Trusted local news leader for Kingman, Arizona & Mohave County
Sat, Dec. 07

Golden Valley man seeks to trade legal briefs for judge's robe

GOLDEN VALLEY - Treating people fairly is the foundation of Rick Lambert's personal philosophy, and he wants to take that credo to the next level, justice of the peace, Kingman.

"Becoming justice of the peace seems a natural progression," he said.

Lambert (R) Golden Valley, has been practicing law in Arizona since 2001. He spent a year on the felony trial team in Coconino County and then came to Mohave County to work in the Legal Defender's Office.

Now, he's a prosecuting attorney in the Mohave County Attorney's Office in Kingman, a member of the Child Fatality Review Board, and a drug and gang prosecutor assigned to the Drug Task Force. He also was nominated Arizona Midsemeanor Prosecutor of the Year for 2001.

The four-year seat comes open with the retirement of Judge Larry Imus, who has spent more than 12 years on the bench. Running against Lambert for justice of the peace in the September primary election are Republican Don Martin and Democrat Randolph Wolfson.

"I made the choice to be in public service," Lambert said. "I spent a couple of months in the LD's office and decided I'm more suited to prosecution."

He said his job now is to make sure the innocent are set free and that those who are a danger to the community are taken off the streets to keep people safe.

"The prosecutor has the option of dumping a case if he believes there is a lack of evidence to support a conviction," he said. "It's not like that for defense attorneys. They're obligated to provide the best defense possible, regardless of the evidence or their personal beliefs about a defendant's innocence or guilt. It's very stressful and I admire them for the great job they do."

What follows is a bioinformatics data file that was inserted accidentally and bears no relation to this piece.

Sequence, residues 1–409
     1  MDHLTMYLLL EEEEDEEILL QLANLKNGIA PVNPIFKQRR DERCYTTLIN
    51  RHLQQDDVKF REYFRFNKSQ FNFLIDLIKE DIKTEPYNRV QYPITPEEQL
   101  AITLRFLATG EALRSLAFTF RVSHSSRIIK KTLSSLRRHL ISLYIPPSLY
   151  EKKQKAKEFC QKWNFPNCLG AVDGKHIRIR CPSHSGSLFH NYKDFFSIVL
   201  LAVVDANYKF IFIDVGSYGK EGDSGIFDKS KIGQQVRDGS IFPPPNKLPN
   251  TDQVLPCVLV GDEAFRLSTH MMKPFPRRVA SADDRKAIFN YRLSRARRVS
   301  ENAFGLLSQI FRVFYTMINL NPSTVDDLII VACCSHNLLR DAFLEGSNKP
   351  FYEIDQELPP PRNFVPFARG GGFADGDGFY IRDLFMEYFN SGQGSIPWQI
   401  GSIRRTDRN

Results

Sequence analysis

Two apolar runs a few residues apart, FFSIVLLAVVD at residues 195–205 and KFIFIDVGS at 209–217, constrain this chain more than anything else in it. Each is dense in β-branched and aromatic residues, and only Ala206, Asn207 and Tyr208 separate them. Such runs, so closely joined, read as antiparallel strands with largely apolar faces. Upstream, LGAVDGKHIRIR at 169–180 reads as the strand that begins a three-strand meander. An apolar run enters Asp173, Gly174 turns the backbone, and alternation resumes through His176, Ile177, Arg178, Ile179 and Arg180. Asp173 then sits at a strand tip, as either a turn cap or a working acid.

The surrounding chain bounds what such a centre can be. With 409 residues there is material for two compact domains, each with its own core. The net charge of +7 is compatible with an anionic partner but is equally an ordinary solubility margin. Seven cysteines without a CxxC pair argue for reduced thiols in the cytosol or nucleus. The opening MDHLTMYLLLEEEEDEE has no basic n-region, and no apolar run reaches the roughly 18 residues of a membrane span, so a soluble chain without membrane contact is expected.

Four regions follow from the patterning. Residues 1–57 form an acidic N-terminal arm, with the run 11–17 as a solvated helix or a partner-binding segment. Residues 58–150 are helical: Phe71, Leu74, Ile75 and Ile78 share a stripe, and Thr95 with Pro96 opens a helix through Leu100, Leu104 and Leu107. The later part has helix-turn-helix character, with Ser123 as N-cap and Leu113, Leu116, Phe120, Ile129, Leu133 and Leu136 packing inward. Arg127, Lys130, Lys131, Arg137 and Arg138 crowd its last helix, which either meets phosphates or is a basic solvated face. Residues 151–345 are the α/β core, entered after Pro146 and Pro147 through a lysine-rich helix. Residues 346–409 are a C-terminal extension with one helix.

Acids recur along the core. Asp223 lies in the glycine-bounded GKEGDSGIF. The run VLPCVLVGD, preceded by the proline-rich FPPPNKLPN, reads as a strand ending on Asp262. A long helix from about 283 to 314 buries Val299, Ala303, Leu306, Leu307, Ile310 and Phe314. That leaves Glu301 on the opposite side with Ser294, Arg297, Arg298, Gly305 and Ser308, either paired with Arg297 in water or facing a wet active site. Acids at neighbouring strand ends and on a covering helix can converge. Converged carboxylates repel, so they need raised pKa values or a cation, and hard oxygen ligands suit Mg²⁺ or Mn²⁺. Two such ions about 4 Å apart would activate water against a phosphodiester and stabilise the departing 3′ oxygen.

Lambert grew up in California and knew he wanted to live in a warm climate. Arizona fit that bill. He said he could have gone to work in Phoenix and had a six-figure income, but decided early on that time spent with his wife, Heidi, and raising their four children, now ages 4-17, had to take priority.

"I wanted to give back to my community and I wanted to have a life with my wife and kids," he said.

While a justice of the peace does not have to have a law degree or background in law, Lambert said he believes his courtroom experience will enhance his abilities on the bench.

"I fully support non-lawyers becoming justice of the peace," he said. "I've served in justice courts all over Arizona and I've seen non-lawyers do just as good a job as judges who once were lawyers, and other times I've seen judges who were former lawyers do as poor a job as a non-lawyer. It can go either way. I think it's more important not to look at the 'lawyer' label, but to look at the person and how well they do their job."

Justices of the peace preside over misdemeanor cases in Kingman Justice Court and Cerbat Justice Court and they perform marriages. They also preside over preliminary hearings.

"Criminal cases either can go before a grand jury for an indictment, or they can go before a justice of the peace to establish probable cause," Lambert said.

Lambert literally has taken his campaign to the streets, engaging in door-to-door visits to meet voters and tell them of his need for their votes in the September primary and November general elections. Assisting him in the walking campaign is his 9-year-old son.

"Meeting people face to face is really great," he said. "It gives me a chance to get acquainted with people and it reminds me of what a great area this is."

Lambert said he has no political aspirations beyond justice of the peace at this time.

"I haven't looked beyond justice of the peace," he said. "I believe that is a position where my courtroom experience can make a real difference"

Still, his primary focus remains on his family.

"My main focus beyond my job is spending time with my wife and getting our four children raised, taking care of all of them the best I can," he said.

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